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How to start exporting to the USA from India?

India and the USA – the two largest democracies of the world are the two biggest economies too. As of 2019, the two countries occupy the second and third positions on the list of 25 largest economies by GDP (PPP).

India and the USA as bilateral trade partners

For decades, India and the USA have been active trade partners. More recently, the boost in bilateral relations between these two countries, spearheaded by their state-heads, have further opened up newer avenues to do business. India was the USA’s 9th largest goods trading partner with $87.5 billion in total (two way) goods trade during 2018.

India was the 10th largest supplier of goods imports and the 13th largest goods export market for the U.S. in 2018. The U.S. export to India accounted for $33.1 billion in 2018, up 87.3% from 2008, which included products like precious metal and stones, mineral fuels, aerospace, machinery, and optical and medical instruments, etc.  On the other hand, India exported goods worth $54.4 billion in the same year, up 111.7% from 2008, which comprised of precious metal and stones, pharmaceuticals, mineral fuels, agro products, machinery, and miscellaneous textile articles, etc.

The U.S. goods trade deficit with India was $21.3 billion in 2018.

India to USA import/export requirements

Both India and the USA have stringent policies and regulations for imports and exports. Hence, it is advisable for businesses in India, looking to export to or import from the U.S., to get familiar with the various rules of the U.S. Customs and Border Protection (CBP) first. Let’s now find out what measures are mandatory for a new Indian exporter willing to trade with the USA.

Issuance of Importer-Exporter Code

For the first time exporters, a onetime registration procedure is necessary to obtain an Importer-Exporter Code (IEC) Number from the concerned government department in India. This number is based on your PAN. For this, you need to apply at www.dgft.gov.in upon payment of an application fee of Rs. 500/- through net Banking or credit/debit card along with requisite documents, mentioned in the application form.  You can get more information on this here.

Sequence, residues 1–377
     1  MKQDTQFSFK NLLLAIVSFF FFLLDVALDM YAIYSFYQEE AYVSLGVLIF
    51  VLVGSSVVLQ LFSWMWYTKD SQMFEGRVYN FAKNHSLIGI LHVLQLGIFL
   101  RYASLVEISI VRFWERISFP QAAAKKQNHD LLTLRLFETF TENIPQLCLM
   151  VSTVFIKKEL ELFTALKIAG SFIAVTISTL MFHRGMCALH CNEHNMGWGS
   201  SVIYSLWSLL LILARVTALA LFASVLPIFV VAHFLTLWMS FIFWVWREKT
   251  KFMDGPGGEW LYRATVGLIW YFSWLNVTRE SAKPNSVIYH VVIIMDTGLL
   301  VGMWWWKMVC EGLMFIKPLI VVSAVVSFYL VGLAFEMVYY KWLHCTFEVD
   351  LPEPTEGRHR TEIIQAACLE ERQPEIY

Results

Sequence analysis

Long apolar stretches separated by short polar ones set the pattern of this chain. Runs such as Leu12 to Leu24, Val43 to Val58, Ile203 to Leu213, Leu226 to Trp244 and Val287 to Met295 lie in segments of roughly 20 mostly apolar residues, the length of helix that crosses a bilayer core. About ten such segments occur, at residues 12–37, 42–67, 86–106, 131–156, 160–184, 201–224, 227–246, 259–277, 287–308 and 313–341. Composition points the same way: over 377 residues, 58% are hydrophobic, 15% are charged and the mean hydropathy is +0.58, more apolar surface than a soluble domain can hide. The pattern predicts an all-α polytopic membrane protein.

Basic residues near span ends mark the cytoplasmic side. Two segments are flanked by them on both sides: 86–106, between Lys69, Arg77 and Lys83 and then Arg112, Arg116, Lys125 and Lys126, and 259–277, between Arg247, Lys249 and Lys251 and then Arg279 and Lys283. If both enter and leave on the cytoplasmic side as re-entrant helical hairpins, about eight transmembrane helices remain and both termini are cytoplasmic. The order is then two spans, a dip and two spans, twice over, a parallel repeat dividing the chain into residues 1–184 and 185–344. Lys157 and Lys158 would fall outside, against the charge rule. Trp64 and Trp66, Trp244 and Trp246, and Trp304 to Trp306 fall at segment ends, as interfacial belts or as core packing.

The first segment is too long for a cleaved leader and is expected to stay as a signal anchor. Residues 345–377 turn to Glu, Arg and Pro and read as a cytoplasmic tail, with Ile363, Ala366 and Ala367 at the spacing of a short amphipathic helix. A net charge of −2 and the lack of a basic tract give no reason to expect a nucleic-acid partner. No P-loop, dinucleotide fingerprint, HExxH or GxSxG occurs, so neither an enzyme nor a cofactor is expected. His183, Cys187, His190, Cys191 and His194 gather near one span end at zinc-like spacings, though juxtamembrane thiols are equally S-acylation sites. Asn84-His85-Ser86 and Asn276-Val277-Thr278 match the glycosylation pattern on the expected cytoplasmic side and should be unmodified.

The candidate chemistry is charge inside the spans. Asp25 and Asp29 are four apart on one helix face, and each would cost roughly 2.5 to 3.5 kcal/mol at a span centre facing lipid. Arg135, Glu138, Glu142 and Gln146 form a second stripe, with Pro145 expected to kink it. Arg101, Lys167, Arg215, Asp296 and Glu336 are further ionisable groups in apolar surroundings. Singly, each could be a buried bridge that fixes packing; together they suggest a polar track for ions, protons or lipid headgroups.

Issuance of RCMC

Next, to avail authorization to import/export or any other benefit or concession or services/ guidance under the Foreign Trade Policy 2015-20, the exporters are required to obtain a Registration cum membership certificate (RCMC) granted by the concerned Export Promotion Councils/ FIEO/Commodity Boards/ Authorities.

One may also need to note that, both India and the U.S. have an elaborate list of restricted items which are regulated by a particular government agency.  An exporter may need a separate license from that agency to export such goods.

ECGC to cover risks

After an exporter finds a buyer and is ready to do business, he must cover payment risks, which is common in International trade because of buyer/country insolvency, by an appropriate policy from Export Credit Guarantee Corporation Ltd (ECGC). In cases where the customer isn’t making an advance payment or opening a Letter of Credit, the exporter should procure a credit limit on the foreign buyer from ECGC to protect himself from the risk of non-payment.

Customs procedures

An exporter must secure a PAN-based Business Identification Number (BIN) from the Customs before the filing of shipping bill for clearance of export goods, as well as opening a current account in the designated bank for the credit of any drawback amount. He needs to prepare different shipping bills for the export of duty-free goods, dutiable goods and export under drawback, etc. The shipping bills are processed mostly without any human intervention, by the system, based on the declarations made by the exporters. Later, once the Appraiser Dock (export) orders, a Customs Officer draws and tests a few samples and feeds the particulars along with details of the testing agency in the ICES/E system.

Mandatory documents for import/export

  • Bill of Lading/Airway Bill
  • Commercial Invoice Cum Packing List
  • Shipping Bill/Bill of Export/Bill of Entry (for imports)

Within 21 days from the dispatch of the shipment, it is mandatory to submit the following documents to the foreign bank for arranging payment:

  • Letter of Credit (if the shipment is under L/C)
  • Bill of Exchange
  • Invoice
  • Packing List
  • Airway Bill/Bill of Lading
  • Declaration under Foreign Exchange
  • Certificate of Origin/GSP
  • Inspection Certificate (wherever necessary)
  • Any other document as required in the L/C or by the buyer or statutorily.
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